Re: Uniform access to metadata: XRD use case.

The critical flaw of all the proposed approach is that the definition of 
"metadata/descriptor" is ambiguous and hence useless in practice.  Take 
the "describedBy" relations for example.  Here I quote from Eran's link.

      The relationship A "describedby" B asserts that resource B
      provides a description of resource A. There are no constraints on
      the format or representation of either A or B, neither are there
      any further constraints on either resource.

As a URI owner, I don't know what kind of stuff that I should put in A 
or B.  As a URI client, how should I know when should I get A and when 
B?  Since I don't know what I might be missing from either A or B, it 
seems to suggest that I must always get both A and B. Thus, I cannot 
help but wondering why they are not put together at A at the first place.

The same goes for MGET, how a user knows when to GET and when to MGET? 
PROFOUND is different because when people use it, they have already 
known that the resources is defined by WebDAV.   Hence, these kind of 
ideas only works when the client already have some knowledge about A.  
But, to propose it as a general framework for the Web, it won't work.  
At the most fundamental level, we only know three things about the Web 
-- URI, Representation, Resource.  The concept of metadata is 
ill-conceived at this level because as data about data, to say metadata 
implies that we already know something about the resource we tries to 
access, a piece of knowledge that we don't have.

There are a lot of implicit assumptions under the so-called "uniform 
access to metadata/descriptor" approach.  It either requires the 
definition of IR or a one-on-one relationship between Resource and 
Representation.  As the former implies that non-IR cannot have a 
representation, it makes the "descriptor/metadata" necessary.  The knock 
on this assumption is that the definition of IR is impossible to work with.

The 1-on-1 relationship gives rise to the so-called "legacy resource".  
But the word "legacy resource" is wrongly named too.  In the Web, there 
might be something as "legacy representation" but there should NOT be 
such thing as "legacy resource" because the latter implies that the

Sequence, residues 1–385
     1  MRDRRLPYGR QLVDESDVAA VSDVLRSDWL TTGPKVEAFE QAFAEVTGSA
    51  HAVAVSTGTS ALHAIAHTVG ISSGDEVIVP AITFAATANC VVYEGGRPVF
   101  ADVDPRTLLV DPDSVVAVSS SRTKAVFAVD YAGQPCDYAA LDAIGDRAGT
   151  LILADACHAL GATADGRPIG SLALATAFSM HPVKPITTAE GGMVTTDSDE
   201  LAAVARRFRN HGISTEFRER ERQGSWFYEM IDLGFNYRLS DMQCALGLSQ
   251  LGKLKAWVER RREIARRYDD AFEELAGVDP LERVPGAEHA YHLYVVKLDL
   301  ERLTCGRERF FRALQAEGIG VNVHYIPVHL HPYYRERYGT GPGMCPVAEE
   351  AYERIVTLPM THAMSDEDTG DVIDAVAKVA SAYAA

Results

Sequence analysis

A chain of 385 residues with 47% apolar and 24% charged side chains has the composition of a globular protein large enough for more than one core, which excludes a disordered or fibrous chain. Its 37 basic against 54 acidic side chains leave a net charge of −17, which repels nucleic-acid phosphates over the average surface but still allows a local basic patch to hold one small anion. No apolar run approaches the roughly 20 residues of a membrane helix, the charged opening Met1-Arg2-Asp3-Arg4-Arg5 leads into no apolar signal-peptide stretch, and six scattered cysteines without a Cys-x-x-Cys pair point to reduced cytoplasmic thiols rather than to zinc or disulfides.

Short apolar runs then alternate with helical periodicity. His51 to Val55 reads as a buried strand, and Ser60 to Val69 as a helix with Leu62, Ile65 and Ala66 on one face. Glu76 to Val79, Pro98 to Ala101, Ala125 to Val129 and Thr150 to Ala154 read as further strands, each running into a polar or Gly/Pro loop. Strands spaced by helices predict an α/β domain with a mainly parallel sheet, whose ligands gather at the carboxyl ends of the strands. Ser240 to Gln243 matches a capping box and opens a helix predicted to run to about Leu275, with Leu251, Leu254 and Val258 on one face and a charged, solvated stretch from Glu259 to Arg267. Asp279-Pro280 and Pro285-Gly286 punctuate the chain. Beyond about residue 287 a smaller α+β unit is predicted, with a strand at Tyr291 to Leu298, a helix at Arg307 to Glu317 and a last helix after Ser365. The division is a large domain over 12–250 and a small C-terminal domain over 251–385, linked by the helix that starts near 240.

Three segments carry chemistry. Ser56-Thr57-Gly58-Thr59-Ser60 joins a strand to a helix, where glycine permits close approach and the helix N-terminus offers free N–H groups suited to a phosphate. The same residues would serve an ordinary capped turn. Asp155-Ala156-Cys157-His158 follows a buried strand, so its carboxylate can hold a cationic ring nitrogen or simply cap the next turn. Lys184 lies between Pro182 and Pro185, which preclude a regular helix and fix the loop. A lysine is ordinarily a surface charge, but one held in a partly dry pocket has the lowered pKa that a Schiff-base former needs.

Resource is closed and no more semantics will be added. 

But the so-called "metadata/descriptor" problems can be solved by using 
HTTP Content Negotiation, making any other proposal a redundant one. The 
actual issue, as I have discussed in [1], is about the incomplete syntax 
of the URI specs, which  currently does not have a syntactic notation 
the other two foundation objects in the Web, i.e., URI and 
Representation.  Once we supplement URI spec with those syntactic sugar, 
such as the one I proposed in [2], then, we can have a uniform approach 
to (1) describe URI along with standard resources and (2) to 
systematically discover the possible representation types, i.e., 
Content-Type/MIME types, associated with a Resource (either URI or 
standard Resource). As a particular content-type is equivalent of a 
particular *service*, hence, the approach in effect establishes a 
uniformed approach to service discovery. 

What is required is to define Content-Type in URI.  Once we have these, 
not only Data/Resource are linked but DataType/Service.  The best of 
all, it works within the conceptualizations defined in AWWW, and does 
not require any other ambiguous conceptualization, such as, IR, 
metadata, and description, etc.



Eran Hammer-Lahav wrote:
> Both of which are included in my analysis [1] for the discovery proposal.
> [1]
>> -----Original Message-----
>> From: Julian Reschke []
>> Sent: Tuesday, February 24, 2009 1:45 AM
>> To:
>> Cc: Eran Hammer-Lahav;;; www-
>> Subject: Re: Uniform access to metadata: XRD use case.
>> wrote:
>>> ...
>>> Agents which want to deal with authoritative metadata use
>> MGET/MPUT/etc.
>>> ...
>> Same with PROPFIND and PROPPATCH, btw.
>> BR, Julian

Received on Wednesday, 25 February 2009 00:01:15 UTC